A fifty five year old male patient reported to our department of conservative dentistry and endodontics with pain in relation to lower left back region for last 2months. On clinical examination there was distal caries on the second molar that extends subgingivally and tooth had mild tenderness on percussion. The tooth had grade 2 furcation involvement. IOPA showed radiolucency extending from distal of 37 below cementoenamel junction to beyond half of the distal root and furcation radiolucency. There was a pocket depth of 4 mm on the buccal aspect of tooth with no mobility.

The treatment options were extraction of the tooth or hemisection of the distal root followed by prosthetic rehabilitation. The patient wanted to save the tooth and so the later one was choosen. The mesial root canals had undergone endodontic therapy with step back and lateral condensation techniques. The access cavity was sealed with composite after giving glass ionomer lining. Then under local anesthesia, a full thickness flap was elevated around second molar. For sectioning of the distal root, vertical cut method using a long shank tapered fissure bur was done in the bifurcation area.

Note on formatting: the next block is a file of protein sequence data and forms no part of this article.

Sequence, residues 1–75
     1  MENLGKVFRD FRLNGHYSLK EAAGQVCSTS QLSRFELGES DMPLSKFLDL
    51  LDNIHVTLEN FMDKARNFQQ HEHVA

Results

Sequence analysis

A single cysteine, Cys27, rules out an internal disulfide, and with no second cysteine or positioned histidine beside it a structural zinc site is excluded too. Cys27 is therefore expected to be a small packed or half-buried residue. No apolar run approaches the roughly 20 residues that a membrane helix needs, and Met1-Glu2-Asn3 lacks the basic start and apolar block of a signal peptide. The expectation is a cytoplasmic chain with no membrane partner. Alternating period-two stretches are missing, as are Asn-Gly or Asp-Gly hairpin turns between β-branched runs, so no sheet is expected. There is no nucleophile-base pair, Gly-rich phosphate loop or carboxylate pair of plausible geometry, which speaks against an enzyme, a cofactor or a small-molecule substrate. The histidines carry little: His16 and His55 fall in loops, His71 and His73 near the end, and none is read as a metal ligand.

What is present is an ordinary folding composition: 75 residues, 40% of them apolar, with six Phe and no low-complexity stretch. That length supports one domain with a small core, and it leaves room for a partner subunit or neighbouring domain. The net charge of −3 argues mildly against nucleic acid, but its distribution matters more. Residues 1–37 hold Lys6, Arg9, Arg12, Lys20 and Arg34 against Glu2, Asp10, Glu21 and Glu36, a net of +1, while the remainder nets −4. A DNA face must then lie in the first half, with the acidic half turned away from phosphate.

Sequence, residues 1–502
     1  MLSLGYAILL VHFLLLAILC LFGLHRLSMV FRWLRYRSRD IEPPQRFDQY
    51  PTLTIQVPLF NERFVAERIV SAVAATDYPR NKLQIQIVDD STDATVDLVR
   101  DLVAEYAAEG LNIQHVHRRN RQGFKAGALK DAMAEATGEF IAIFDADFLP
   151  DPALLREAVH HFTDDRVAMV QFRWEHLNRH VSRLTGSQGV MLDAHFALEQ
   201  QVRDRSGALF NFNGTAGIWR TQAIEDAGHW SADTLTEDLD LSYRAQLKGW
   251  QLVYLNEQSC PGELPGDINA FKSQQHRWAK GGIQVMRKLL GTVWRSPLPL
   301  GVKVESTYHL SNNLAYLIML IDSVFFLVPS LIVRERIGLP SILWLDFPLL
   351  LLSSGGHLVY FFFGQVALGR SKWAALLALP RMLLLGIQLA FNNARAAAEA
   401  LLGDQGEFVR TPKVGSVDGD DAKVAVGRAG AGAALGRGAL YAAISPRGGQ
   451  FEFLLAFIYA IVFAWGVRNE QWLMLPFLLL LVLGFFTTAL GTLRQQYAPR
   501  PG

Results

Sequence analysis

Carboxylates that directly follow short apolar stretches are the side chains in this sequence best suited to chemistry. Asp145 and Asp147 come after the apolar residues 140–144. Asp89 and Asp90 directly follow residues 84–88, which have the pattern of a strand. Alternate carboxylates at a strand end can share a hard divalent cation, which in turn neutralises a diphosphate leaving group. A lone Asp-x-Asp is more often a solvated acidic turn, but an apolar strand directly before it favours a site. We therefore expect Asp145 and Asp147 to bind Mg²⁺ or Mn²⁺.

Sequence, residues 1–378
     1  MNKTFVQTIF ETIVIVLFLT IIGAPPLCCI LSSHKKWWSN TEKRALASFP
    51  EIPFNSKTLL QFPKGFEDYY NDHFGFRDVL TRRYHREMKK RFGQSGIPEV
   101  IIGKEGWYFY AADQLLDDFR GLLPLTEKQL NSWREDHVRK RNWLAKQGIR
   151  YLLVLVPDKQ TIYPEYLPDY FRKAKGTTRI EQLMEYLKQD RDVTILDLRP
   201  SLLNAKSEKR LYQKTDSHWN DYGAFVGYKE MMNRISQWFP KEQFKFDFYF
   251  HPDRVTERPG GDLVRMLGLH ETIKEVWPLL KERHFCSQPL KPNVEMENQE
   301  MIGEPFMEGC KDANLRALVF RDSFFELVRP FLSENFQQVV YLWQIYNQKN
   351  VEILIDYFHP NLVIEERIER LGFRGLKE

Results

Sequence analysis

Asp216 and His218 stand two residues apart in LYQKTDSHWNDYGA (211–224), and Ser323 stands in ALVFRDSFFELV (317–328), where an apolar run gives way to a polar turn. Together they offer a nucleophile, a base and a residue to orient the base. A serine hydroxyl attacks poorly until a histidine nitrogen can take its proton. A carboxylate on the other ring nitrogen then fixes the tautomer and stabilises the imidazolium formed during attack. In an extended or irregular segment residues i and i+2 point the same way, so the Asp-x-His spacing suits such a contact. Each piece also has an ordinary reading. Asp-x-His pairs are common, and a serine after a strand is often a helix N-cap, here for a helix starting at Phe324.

The separation was confirmed by passing a fine probe. A straight elevator was used to luxate and remove the distal root from the socket. The exposed root surface were scaled and root planned. The socket was debrided and irrigated with plenty of normal saline. The flap was sutured back with 3-0 black silk suture. The occlusal table of the retained potion was minimized to reduce the masticatory forces along the long axis. After one and half months healing of the tissues,the retained mesial part was prosthetically rehabilitated with metal ceramic crown.